We have used biomass energy or bioenergy - the energy from organic matter - for thousands of years, ever since people started burning wood to cook food or to keep warm.
And today, wood is still our largest biomass energy resource. But many other sources of biomass can now be used, including plants, residues from agriculture or forestry, and the organic component of municipal and industrial wastes. Even the fumes from landfills can be used as a biomass energy source.
Switchgrass crops can be harvested to make biofuels. Credit: Warren Gretz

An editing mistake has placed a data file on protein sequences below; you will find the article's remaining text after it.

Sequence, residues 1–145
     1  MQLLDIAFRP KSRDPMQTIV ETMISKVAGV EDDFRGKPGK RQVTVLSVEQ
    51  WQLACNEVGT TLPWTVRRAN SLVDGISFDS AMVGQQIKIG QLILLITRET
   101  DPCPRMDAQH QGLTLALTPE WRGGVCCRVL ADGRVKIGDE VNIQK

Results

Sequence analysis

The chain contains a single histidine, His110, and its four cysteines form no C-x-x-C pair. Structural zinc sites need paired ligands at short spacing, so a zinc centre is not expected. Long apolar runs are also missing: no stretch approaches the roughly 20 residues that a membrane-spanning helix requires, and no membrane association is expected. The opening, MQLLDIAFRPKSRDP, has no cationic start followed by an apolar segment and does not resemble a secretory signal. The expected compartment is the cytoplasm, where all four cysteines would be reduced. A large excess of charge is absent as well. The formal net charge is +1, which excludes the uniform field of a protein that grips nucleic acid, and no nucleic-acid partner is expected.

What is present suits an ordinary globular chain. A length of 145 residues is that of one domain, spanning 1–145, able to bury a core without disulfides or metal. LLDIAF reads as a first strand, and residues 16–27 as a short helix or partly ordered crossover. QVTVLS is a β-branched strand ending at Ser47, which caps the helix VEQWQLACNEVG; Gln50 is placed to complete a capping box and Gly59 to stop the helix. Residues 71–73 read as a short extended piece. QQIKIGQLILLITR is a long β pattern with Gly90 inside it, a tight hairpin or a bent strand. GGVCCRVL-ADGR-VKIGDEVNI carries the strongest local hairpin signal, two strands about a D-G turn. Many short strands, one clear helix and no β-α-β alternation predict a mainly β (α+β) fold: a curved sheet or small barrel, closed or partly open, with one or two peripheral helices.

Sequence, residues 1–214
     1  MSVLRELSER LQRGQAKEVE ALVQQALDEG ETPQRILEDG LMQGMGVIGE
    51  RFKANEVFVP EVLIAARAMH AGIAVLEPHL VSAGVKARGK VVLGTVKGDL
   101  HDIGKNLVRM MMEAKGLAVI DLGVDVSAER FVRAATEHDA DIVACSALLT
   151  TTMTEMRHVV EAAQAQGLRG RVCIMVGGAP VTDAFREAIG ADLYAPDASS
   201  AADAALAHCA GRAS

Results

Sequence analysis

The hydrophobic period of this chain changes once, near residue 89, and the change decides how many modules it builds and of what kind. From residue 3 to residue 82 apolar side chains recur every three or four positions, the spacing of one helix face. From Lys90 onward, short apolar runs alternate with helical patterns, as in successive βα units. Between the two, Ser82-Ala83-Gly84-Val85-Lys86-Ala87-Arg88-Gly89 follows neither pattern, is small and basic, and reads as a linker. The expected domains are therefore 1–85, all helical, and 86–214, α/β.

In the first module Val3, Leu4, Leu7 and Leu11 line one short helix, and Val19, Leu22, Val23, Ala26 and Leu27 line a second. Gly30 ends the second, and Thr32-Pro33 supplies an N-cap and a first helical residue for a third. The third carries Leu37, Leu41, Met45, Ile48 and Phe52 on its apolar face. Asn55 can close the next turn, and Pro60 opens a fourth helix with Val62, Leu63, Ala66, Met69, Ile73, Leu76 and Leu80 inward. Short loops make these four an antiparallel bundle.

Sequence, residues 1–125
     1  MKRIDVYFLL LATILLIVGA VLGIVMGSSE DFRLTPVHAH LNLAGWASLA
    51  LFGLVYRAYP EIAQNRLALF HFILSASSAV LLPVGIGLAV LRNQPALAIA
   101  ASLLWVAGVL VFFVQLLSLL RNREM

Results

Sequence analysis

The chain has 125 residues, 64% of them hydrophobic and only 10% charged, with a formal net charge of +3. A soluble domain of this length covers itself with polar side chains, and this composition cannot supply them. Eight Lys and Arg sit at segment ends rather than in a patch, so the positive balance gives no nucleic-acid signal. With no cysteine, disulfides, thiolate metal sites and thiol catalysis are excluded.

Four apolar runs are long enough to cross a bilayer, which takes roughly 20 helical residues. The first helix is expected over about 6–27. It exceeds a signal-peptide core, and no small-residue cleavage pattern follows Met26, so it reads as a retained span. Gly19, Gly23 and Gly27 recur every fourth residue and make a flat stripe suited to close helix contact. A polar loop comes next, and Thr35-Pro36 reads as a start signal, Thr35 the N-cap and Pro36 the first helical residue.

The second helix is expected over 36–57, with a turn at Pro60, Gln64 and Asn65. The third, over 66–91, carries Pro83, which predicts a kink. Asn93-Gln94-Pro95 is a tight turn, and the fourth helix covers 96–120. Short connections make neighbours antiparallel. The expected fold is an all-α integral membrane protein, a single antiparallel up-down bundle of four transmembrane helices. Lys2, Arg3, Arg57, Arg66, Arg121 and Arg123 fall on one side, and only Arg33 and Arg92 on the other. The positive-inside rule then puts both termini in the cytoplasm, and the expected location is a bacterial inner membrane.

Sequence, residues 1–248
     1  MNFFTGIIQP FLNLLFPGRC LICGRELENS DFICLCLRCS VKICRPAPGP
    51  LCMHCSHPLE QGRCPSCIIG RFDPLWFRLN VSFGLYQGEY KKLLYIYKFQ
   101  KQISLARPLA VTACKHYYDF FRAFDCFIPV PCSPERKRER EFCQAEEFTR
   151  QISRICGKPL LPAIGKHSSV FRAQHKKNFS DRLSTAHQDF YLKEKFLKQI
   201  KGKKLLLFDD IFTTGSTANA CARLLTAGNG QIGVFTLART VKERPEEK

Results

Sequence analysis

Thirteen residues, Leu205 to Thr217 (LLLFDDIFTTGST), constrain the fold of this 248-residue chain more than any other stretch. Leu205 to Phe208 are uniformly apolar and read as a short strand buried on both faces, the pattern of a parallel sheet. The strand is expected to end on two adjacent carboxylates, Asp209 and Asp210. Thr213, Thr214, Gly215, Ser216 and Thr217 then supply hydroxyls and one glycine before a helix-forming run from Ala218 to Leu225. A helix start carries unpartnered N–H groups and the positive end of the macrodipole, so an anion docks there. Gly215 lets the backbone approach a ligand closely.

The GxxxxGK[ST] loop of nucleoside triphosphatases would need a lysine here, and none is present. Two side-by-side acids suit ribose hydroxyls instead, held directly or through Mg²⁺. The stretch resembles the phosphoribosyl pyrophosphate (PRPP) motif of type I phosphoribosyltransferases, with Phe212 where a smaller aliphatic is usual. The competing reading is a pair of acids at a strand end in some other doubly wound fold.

The use of biomass energy has the potential to greatly reduce our greenhouse gas emissions. Biomass generates about the same amount of carbon dioxide as fossil fuels, but every time a new plant grows, carbon dioxide is actually removed from the atmosphere. The net emission of carbon dioxide will be zero as long as plants continue to be replenished for biomass energy purposes. These energy crops, such as fast-growing trees and grasses, are called biomass feedstocks. The use of biomass feedstocks can also help increase profits for the agricultural industry.
There are three major biomass energy technology applications:
Converting biomass into liquid fuels for transportation. [learn more]
Burning biomass directly, or converting it into a gaseous fuel or oil, to generate electricity. [learn more]
Converting biomass into chemicals for making products that typically are made from petroleum. [learn more]
Additional Resources on Biomass Energy